This book would be great if it weren't 20 years out-of-date. A lot of the trails here have been expanded, and thus the maps really aren't accurate anyThis book would be great if it weren't 20 years out-of-date. A lot of the trails here have been expanded, and thus the maps really aren't accurate anymore. Case in point: McDowell Grove now links up to the Prairie Path, which is a pretty huge change since the book was published in 1995....more
Mostly focused on agoraphobia as a result of panic attacks, so not terribly relevant if you have agoraphobia and not panic disorder. (At least the autMostly focused on agoraphobia as a result of panic attacks, so not terribly relevant if you have agoraphobia and not panic disorder. (At least the author did note that agoraphobia without panic disorder is possible, because it is.) A lot of the stuff in this book is from the author's own experience, but overlaps a lot with DBT and ACT techniques. I didn't find it terribly useful, but it's a short read, and you never know what advice might work for you. Borrow it from your library and give it a try....more
I thought this was going to be one of those delightful diatribes against Big Pharma and how we have some tools to help ourselves move forward to a heaI thought this was going to be one of those delightful diatribes against Big Pharma and how we have some tools to help ourselves move forward to a healthy life without necessarily using medications. This isn't that book. This is a book I would categorize as more accurately being fiction.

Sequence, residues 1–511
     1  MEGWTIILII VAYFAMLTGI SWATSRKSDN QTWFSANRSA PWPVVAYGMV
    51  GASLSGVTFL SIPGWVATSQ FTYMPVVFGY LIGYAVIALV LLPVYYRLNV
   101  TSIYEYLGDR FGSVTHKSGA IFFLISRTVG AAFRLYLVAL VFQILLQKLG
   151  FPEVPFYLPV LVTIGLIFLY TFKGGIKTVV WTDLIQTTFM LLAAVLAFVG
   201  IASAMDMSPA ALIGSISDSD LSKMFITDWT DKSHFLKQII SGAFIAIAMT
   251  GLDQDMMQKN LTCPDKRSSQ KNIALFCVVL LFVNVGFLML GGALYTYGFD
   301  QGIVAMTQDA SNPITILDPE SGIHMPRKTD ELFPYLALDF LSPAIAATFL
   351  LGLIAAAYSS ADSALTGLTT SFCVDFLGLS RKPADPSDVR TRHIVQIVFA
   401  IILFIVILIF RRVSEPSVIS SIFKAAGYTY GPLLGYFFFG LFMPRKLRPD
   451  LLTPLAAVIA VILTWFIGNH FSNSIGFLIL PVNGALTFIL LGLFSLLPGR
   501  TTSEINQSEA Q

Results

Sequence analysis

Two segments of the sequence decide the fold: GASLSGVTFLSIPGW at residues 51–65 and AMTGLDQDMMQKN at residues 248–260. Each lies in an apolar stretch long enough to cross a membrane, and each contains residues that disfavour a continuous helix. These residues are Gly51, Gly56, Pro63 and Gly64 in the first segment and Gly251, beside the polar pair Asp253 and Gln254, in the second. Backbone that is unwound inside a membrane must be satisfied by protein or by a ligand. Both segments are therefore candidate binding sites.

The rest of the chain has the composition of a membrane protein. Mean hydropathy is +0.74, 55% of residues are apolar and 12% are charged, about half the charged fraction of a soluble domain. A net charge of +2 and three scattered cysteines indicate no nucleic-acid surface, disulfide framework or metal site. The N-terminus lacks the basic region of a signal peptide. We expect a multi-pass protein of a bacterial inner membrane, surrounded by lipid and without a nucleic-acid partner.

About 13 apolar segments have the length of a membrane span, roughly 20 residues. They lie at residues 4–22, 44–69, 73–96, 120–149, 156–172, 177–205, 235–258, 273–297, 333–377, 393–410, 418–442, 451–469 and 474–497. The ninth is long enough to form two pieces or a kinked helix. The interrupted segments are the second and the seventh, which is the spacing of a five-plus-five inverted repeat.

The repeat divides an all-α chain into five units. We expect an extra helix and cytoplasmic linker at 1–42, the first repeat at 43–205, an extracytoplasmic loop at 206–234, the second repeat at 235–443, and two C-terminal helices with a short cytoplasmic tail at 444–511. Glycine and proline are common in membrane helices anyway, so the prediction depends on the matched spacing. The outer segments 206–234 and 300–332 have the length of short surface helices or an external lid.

Here's a story. The author of this book almost died. Then he took a lot of vitamin C and wound up inventing all sorts of strategies that helped him lead a healthy life, of which he is selling in this book. He does not believe in conventional medicine.
Here's another story. I know a doctor. One of his patients had leukemia, and this patient decided to go to Indiana and seek "alternative medicine" practices rather than get chemo. The patient died within a matter of months.
See what those are? Two stories. Two people's lives. Neither one is definitively pointing toward a certain type of medical practice being accurate. They are anecdotes. in order to determine what medical remedies are effective, you need to do scientific research. Unfortunately, this book has no scientific research between its covers, whatsoever. In fact, this book really should come with a gigantic [CITATION NEEDED] pinned to the cover.
I'm just going to go through a few of the more egregious points in this book. By the last few chapters, hate reading was no longer enjoyable, so I just skimmed, and probably missed a few gems, for which I don't really apologize, because I have better things to do with my life.
Pg. 13: "[M]edical intervention is a major cause of disease and the leading cause of death in America."
ORLY? Actually, according to the CDC, the leading cause of death in the United States is heart disease. And, according to the CDC, "Complications of medical and surgical care" leads to only 2,768 deaths per year, or about a TENTH of a percent. Heart disease causes 25% of deaths in the US every year.
Pg. 16: "[T]here is only one diesase and... symptoms are not important." (emphasis original)
Cool. I'll go treat my cough with an antiemetic if it makes no difference. And next time I go to my doctor's office for allergies I won't tell her my symptoms, because they're clearly not important for the type of treatment I should get. My doctor will just automatically know that, of course. She'll actually kick me out of the office and tell me to go make better life choices, or I wouldn't have gotten sick in the first place (see below).
Pg. 17: "[My physician] prescribed an antibiotic called metronidazole, which is known to be toxic to the liver."